Tuesday, January 17, 2017

Madame X



This painting, Madame X, has always appealed to me. John Singer Sargent has simultaneously captured studied elegance and privileged disdain. The model, Virginie Amélie Avegno Gautreau, was a notorious socialite, known for her indiscretions. She was part of a new generation of sophisticates. Her beauty was intense, and there were many artists wanting to paint her. She and Sargent had a bond, both ex-patriots looking to augment their reputations by painting and posing.  
Sargent captured her singularity by contrasting her stunning alabaster skin against a dark background and black dress. He was able to articulate her hourglass figure. The essence of her snobisme is the tip of her perfectly pointed nose. 
While French society was shocked at the married woman who encouraged the gaze of men, I find her bold, unapologetic; an "in your face" beauty. The poor girl married into the French upper class by wedding a man twice her age. She managed to keep her independence and even her bravado in a claustrophobic situation.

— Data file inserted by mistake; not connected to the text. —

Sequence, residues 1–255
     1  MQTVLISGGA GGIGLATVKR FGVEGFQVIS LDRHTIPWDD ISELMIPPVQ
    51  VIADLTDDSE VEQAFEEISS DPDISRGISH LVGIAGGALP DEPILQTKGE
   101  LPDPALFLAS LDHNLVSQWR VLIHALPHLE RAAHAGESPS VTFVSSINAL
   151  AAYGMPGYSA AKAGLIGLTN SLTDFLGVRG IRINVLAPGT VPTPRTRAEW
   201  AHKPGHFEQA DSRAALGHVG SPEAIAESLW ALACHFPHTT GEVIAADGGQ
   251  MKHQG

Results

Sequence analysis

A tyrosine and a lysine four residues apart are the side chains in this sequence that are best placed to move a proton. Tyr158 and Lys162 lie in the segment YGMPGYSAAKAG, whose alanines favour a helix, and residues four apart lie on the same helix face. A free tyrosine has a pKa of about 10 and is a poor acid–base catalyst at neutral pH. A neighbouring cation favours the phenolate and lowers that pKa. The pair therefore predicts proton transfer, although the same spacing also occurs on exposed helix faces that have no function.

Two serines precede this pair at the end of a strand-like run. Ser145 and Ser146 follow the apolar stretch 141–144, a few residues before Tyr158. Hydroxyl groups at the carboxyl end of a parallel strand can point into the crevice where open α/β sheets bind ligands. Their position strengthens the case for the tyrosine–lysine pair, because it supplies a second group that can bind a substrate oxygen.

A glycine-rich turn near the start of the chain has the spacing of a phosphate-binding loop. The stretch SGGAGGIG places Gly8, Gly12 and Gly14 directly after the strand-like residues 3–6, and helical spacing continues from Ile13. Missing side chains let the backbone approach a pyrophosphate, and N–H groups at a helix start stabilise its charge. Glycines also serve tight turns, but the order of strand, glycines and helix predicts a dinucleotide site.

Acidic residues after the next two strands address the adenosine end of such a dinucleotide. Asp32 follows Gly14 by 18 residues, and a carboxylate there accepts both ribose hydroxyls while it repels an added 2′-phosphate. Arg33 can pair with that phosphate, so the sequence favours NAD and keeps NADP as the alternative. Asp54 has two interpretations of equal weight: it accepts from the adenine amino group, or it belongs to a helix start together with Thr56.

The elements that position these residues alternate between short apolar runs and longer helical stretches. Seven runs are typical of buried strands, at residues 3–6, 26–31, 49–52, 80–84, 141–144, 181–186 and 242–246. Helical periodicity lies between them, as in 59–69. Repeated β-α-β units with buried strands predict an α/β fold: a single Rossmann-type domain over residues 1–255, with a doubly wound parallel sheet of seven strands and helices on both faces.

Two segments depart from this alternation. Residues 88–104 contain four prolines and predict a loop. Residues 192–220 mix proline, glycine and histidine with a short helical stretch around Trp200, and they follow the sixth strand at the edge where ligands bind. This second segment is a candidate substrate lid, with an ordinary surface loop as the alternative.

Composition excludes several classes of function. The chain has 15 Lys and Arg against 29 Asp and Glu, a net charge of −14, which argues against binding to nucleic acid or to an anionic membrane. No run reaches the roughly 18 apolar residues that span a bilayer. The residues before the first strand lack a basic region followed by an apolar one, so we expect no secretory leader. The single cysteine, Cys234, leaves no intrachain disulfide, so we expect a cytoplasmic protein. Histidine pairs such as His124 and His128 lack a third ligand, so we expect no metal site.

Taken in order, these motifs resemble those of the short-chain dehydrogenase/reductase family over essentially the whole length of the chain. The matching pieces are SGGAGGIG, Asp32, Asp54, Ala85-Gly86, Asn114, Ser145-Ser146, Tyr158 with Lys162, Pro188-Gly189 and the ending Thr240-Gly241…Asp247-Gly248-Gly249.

Madame X elicits debate and heated argument to this day. Sargent found the image he knew was in her and that image made his reputation.

Strapless : John Singer Sargent and the fall of Madame X
Davis, Deborah, 1952-
759.1 SARGENT DAVIS 2004

Icons of beauty : art, culture, and the image of women
Mancoff, Debra N., 1950-
704.942409 MANCOFF V.1

John Singer Sargent
Sargent, John Singer, 1856-1925.
759.1 SARGENT, J.

John Singer Sargent: paintings, drawings, watercolors.
Ormond, Richard. 
759.1 S245o

John Singer Sargent and his muse: painting love and loss
Corsano, Karen.
759.1 SARGENT, J. CORSANO


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